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Self-reflective practice

The only way to become confident in self-reflection is to ‘do it’. This task will give you the opportunity to practise self-reflection skills, using some prompt questions provided.

Your process of self-reflection will help you identify:

  • How did the latest STEM activity go?
  • What went well?
  • What could be improved?

Using a self-reflection tool to gain a more in-depth perspective on your experience can be helpful. The following is based on Gibbs (1988) reflective cycle that provides a structured way to reflect:

Questions from Gibbs (1988) reflective cycle: Description - what happened? Feelings - What were you thinking and feeling? Evaluation - What was good and bad about the experience? Analysis - What sense can you make of the situation? Action plan - If it arose again, what would you do?

When using the tool, try not to avoid the prompt question about your feelings. Tapping into how different aspects of delivering the STEM activity made you feel can be a powerful learning opportunity. This enables you to identify what you found challenging or rewarding or may trigger thoughts and feelings from your own previous experience, for example as a student learner.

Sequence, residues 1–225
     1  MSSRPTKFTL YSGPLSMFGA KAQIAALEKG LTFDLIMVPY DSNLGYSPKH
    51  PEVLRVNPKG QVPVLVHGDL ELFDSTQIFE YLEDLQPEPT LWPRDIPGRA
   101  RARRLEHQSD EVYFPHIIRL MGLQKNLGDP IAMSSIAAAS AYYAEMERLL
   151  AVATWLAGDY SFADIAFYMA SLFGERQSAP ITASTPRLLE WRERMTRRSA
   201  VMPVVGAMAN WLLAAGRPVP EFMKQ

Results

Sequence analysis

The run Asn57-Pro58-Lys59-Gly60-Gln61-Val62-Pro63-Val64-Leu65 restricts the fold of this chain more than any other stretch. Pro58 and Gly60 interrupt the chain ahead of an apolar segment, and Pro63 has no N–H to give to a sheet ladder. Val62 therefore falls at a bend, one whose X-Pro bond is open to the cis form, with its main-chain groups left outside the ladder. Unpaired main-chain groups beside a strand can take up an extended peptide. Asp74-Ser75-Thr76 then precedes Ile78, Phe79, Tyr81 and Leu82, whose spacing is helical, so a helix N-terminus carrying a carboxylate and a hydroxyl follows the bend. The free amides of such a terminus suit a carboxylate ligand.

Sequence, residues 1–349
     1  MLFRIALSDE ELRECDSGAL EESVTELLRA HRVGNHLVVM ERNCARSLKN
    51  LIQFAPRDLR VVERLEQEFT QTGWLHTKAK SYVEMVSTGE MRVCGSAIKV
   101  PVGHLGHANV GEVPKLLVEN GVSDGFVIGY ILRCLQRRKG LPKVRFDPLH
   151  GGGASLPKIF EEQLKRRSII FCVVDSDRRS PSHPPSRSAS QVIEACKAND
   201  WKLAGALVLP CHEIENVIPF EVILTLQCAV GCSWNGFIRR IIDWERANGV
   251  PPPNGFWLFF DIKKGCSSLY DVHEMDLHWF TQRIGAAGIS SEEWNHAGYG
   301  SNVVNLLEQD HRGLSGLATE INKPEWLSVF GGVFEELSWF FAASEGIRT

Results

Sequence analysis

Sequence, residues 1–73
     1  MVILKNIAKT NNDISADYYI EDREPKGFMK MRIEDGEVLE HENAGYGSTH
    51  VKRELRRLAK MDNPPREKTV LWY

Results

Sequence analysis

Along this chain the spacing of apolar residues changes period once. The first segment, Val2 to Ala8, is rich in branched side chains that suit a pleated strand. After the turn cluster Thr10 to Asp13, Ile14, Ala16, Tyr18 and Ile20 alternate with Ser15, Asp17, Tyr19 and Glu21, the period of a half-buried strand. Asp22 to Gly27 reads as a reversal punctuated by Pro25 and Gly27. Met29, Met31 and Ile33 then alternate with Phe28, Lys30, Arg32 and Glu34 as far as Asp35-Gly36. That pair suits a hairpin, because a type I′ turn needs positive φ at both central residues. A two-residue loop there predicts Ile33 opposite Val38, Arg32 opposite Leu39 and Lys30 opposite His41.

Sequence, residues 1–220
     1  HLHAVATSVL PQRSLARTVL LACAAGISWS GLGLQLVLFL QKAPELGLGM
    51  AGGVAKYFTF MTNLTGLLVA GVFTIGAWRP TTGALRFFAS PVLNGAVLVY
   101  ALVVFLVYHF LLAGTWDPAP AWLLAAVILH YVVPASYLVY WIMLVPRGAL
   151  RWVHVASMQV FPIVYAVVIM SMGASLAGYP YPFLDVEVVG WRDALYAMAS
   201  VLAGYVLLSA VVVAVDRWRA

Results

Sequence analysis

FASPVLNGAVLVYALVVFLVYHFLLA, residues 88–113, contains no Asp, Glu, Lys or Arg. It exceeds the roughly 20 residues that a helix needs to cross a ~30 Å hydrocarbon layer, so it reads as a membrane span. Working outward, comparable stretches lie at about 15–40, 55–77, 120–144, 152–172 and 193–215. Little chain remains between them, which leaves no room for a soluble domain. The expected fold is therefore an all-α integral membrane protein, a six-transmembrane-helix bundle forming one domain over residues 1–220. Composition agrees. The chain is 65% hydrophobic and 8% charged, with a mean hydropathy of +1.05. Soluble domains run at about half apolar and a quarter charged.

Practise

If you’ve recently completed a STEM activity, use the Self-Reflection Tool to reflect on the experience. Alternatively, you could choose to reflect on an experience from your professional or personal life. The key here is to practise this process of self-reflection.

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This article is from the free online course:

Inspiring Young People In STEM: Using Feedback to Improve

National STEM Learning Centre

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